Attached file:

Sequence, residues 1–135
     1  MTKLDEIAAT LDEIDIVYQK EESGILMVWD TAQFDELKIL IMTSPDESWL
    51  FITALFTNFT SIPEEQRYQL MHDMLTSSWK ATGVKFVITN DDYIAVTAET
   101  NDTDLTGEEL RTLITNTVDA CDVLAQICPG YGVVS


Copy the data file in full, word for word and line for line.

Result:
Sequence, residues 1–135
     1  MTKLDEIAAT LDEIDIVYQK EESGILMVWD TAQFDELKIL IMTSPDESWL
    51  FITALFTNFT SIPEEQRYQL MHDMLTSSWK ATGVKFVITN DDYIAVTAET
   101  NDTDLTGEEL RTLITNTVDA CDVLAQICPG YGVVS